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Red Sox fans go wild. (Globe Staff Photo / Jim Davis)

Sox fans make views clear: We want HD

Some Red Sox fans are fuming after discovering they can't watch the first round of the playoffs on television in high definition.

The problem affects subscribers to Verizon Communications Inc.'s FiOS TV, which is available in 470,000 homes in Massachusetts and Rhode Island, and Charter Communications Inc., a cable provider that has more than 200,000 subscribers in Massachusetts.

Subscribers to Comcast Corp.'s cable service in a small section of New Hampshire also can't see the opening round of the baseball playoffs in high definition. Some of them, like Shaun Parsons of Pelham, N.H., aren't happy.

"I've been able to watch the games on NESN in HD all year. When it counts, playoff time, I'm relegated to watching it in non-HD format, which is not nearly as good," said Parsons, who bought a 50-inch plasma television last year for $2,000. Now he is wondering whether his cable service is worth the $150 a month he pays.

"I'm seriously thinking about going to DirecTV now," Parsons said.

The complaints are a result of Major League Baseball's reported $110 million deal to move the first round of the playoffs, along with some second-round games, to Turner Broadcasting System Inc.'s TBS network.

But when TBS launched its high-definition channel Sept. 1, many cable systems did not carry the signal. Comcast added it in Massachusetts and Vermont this week. It is also available in most of New Hampshire.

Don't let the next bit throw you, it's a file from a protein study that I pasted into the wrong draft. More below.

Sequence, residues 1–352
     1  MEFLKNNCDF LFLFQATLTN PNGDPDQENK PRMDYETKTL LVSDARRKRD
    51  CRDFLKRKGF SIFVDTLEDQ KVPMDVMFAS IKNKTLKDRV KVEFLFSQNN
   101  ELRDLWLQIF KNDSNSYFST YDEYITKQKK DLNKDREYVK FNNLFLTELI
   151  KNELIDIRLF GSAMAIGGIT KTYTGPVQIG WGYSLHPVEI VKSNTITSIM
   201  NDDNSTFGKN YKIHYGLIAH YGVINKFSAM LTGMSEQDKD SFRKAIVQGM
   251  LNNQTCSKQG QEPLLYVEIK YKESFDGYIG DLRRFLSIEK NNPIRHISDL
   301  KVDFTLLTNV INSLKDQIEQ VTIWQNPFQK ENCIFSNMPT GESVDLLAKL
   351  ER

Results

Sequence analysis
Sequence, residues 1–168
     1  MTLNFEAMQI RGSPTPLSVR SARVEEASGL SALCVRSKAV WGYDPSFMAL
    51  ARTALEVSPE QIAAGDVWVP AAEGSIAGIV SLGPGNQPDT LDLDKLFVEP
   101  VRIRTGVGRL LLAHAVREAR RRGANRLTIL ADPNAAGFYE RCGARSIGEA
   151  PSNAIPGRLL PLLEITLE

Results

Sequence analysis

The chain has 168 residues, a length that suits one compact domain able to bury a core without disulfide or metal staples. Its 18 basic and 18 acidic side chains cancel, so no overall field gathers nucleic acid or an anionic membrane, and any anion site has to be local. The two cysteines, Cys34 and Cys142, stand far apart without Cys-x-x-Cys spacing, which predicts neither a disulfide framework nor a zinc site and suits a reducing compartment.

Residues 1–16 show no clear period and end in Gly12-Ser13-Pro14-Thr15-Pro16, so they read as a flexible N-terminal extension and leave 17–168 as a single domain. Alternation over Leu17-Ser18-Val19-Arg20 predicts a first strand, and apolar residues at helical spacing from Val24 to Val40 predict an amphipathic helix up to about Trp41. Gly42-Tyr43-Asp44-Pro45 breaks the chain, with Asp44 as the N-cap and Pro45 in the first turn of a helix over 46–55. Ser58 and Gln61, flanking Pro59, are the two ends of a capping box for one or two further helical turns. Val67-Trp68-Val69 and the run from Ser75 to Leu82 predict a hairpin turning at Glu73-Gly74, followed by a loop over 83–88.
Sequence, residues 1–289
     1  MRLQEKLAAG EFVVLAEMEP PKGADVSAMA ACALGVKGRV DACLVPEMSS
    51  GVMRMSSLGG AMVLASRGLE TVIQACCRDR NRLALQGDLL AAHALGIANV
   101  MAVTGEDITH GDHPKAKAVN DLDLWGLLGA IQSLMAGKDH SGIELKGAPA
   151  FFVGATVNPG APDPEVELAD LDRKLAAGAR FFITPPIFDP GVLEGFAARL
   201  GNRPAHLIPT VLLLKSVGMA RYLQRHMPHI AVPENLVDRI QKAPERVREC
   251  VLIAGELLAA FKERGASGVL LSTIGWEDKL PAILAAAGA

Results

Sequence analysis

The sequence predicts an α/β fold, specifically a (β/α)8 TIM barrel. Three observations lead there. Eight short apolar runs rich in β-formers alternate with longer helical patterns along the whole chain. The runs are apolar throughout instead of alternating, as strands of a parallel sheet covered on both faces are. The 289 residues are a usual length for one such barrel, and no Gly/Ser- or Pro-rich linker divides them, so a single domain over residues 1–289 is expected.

Shawn Feddeman, a Comcast spokeswoman, said a "small number" of New Hampshire communities in the Londonderry area that do not have TBS HD were recently acquired by the company from Adelphia and are not yet up to "Comcast standards." But work to upgrade the Londonderry system is nearly complete, Feddeman said, and nine high-definition channels are scheduled to be added next month, including TBS HD.

Charter wants to add the channel, but was unable to wrap up negotiations with Turner Broadcasting in time for the playoffs, said spokesman Ed Goldstein.

"This is a service business, we're not out to anger our customers," Charter said. "But legally, we can't [offer TBS HD] until they let us do it."

The first round of the playoffs also is not being broadcast in high definition on Verizon's FiOS.

"We're a new system and adding channels all the time, but unfortunately won't have TBS HD for the baseball playoffs," Verizon spokesman Phil Santoro said in an e-mail. "But we expect to continue adding dozens of new channels including HD channels in the coming months."

That won't pacify Sox fans like Justin Bullion, a Wellesley resident who pays about $170 per month for a package that includes Verizon's TV, Internet, and phone services.

Bullion initially turned down an offer to switch from Comcast to FiOS months ago because FiOS didn't offer New England Sports Network in high definition. The channel, partly owned by The New York Times Co., which also owns the Globe, broadcasts Red Sox games during the regular season.

"Boston's pretty wealthy, we're first movers," Bullion said. "Not being able to see the Red Sox in HD is just a big corporate mistake."

Keith Reed can be reached at

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